Zoë Howe has penned a timely and
unsparing biography of the Fleetwood Mac singer and songwriter
The story of how Lindsey Buckingham and Stevie Nicks,
dropped by their record label after a debut album that bombed, joined down on
their luck British blues band Fleetwood Mac and conquered the world is the
stuff of rock and roll legend.
In 1974 drummer Mick Fleetwood was scouting for a recording studio
for the next album by a group that had already lost guitarists Peter Green and
Danny Kirwan. At Sound City in Los Angeles, he was impressed when he heard
Buckingham Nicks’ songs being worked on for a second album that they hoped would salvage their career. When Fleetwood Mac’s then lead guitarist, Bob Welch,
announced that he too was quitting the band, Fleetwood realised he’d not only
found a great studio sound but a replacement guitarist too. But, as Zoë Howe
records in her compelling biography of Nicks, he was told by record producer
Keith Olsen: ‘Lyndsey and Steve are kind of a set. You’re going to have to take
That was 31 December 1974, and by July 1975 the new line-up
of the band had released the eponymous album that was to mark the turning point
in their fortunes. Among songs that are instantly recognisable the instant you
hear them cued up on the radio was Nicks’ Rhiannon, a song about a white witch.
She only later realised the connection to Welsh myth in the Mabinogion.
The speed and economy with which that album was recorded is
in stark counterpoint to the tortured creation of the follow-up at the Record
Plant in Sausolito, where tellingly the Eagles were recording Hotel California
in a neighbouring studio. By the account here, it really did become a place you
could leave but never escape.
‘A bunch of rumours’
What bass player John McVie christened by noting that it sounded
‘like a bunch of rumours’ charted, as their songs had always done, the
turbulent relationship of Buckingham and Nicks. But now singer and pianist
Christine McVie found herself reflecting on the breakdown of her marriage to McVie, which had brought her into the band in the first place, and her attraction to lighting
director Curry Grant as recorded in You Make Loving Fun.
When Rumours was released I was an undergraduate student at
Leicester University, growing my hair and listening to Yes and Bowie and
Supertramp, but also beginning to hear the first releases of the Clash, the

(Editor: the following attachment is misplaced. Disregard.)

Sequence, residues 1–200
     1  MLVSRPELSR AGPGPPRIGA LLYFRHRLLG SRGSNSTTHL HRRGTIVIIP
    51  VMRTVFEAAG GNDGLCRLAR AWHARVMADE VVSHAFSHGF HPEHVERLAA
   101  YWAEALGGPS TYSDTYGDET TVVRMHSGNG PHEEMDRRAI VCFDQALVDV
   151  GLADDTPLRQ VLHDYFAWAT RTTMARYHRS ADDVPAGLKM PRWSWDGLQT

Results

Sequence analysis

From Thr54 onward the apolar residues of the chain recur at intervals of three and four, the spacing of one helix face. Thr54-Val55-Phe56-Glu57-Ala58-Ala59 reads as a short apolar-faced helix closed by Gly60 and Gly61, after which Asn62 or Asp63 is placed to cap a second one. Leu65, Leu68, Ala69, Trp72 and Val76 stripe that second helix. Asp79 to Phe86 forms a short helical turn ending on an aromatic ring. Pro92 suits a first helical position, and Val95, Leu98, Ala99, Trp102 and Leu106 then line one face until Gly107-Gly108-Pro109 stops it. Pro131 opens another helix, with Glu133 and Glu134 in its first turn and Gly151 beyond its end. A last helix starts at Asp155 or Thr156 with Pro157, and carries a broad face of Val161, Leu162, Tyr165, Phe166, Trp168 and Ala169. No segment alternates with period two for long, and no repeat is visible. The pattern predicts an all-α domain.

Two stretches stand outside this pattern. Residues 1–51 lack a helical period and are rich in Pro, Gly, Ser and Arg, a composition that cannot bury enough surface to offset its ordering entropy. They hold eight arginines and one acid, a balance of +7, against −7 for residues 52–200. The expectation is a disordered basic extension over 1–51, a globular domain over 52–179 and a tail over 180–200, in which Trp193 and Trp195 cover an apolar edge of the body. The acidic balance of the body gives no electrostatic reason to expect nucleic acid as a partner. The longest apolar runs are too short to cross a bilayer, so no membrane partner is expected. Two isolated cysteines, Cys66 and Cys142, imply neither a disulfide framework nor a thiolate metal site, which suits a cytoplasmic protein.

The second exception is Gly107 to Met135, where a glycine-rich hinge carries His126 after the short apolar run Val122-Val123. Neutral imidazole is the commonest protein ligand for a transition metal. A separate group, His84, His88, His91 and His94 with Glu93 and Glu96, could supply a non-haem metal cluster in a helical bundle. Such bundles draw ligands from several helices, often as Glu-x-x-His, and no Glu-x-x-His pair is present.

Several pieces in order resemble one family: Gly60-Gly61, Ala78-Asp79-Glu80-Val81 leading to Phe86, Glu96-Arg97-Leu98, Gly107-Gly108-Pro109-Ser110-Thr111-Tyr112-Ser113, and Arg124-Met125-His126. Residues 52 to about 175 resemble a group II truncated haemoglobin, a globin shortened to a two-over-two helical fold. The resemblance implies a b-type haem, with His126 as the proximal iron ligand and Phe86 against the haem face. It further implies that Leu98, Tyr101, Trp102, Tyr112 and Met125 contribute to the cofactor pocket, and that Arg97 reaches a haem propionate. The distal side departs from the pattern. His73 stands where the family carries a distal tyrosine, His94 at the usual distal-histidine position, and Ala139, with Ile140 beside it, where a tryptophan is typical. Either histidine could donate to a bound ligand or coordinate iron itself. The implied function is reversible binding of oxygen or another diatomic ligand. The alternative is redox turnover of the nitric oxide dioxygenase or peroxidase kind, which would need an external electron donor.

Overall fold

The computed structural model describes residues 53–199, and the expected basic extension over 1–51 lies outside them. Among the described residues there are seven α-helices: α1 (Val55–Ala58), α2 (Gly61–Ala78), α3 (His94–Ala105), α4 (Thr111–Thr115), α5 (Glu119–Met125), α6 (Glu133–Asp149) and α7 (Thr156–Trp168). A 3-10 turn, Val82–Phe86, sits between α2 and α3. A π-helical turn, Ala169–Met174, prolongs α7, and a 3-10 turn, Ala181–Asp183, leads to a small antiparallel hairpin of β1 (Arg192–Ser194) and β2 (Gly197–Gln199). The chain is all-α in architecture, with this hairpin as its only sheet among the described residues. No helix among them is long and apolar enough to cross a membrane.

Damned, the Jam and, soon after, the Tom Robinson Band and Blondie. Yet I look
back now and realise that there was much more confected anger in much of punk
rock than in Lindsay Buckingham’s snarling putdown of Stevie in the track Go
Your Own Way, with the line ‘shacking up’s all you want to do’.
While politics moves on, and the sloganeering of some
records now sounds dated, the personal always strikes chords with the listener.
That’s probably why so many bands of that era have been forgotten, while the
Mac can still sell out stadiums (and may also explain the similar longevity of
But Nicks, this book reminds us, also managed to develop a parallel
career that eclipsed Buckingham’s own solo efforts, despite his claim to have
polished many of Nicks’ rough diamonds into platinum-earning songs.
It all kicked of with Bella Donna, produced by Jimmy Iovine
and boasting Stop Draggin’ My Heart Around, a rock duet with Tom Petty that
proved how well their voices were matched.
But there were also hints in her three-chord tricks and the
way she marshalled her female backing vocalists that Nicks had a country
sensibility, a way of reaching to the roots of ordinary people’s emotions that
would create for her loyal following.
And as well as the well-known affairs with Eagles Don Henley
and Joe Walsh her work with Fleetwood Mac and in her own right brought her
musical relationships with Dave Stewart, Rupert Hine, Sheryl Crow and Bob
Dylan, to name a few.
The true fans would stick with Nicks through the lean years,
when drugs took their toll and the music suffered. But the story here is also
of how she pulled back from the brink.
Tickets have just gone on sale for a Fleetwood Mac tour that
will bring the mid-70s line-up to the UK in May and June next year. If you want
to know why they sold out so quickly, this book is as good a place as any to
start to understand what was going on behind the lines of music and, as the
index records too, the lines of cocaine that could so easily have turned this
story of a brilliant career into another paen to wasted youth.
Stevie Nicks: visions,
dreams & rumours by Zoe Howe is published by Omnibus Press at £19.95 in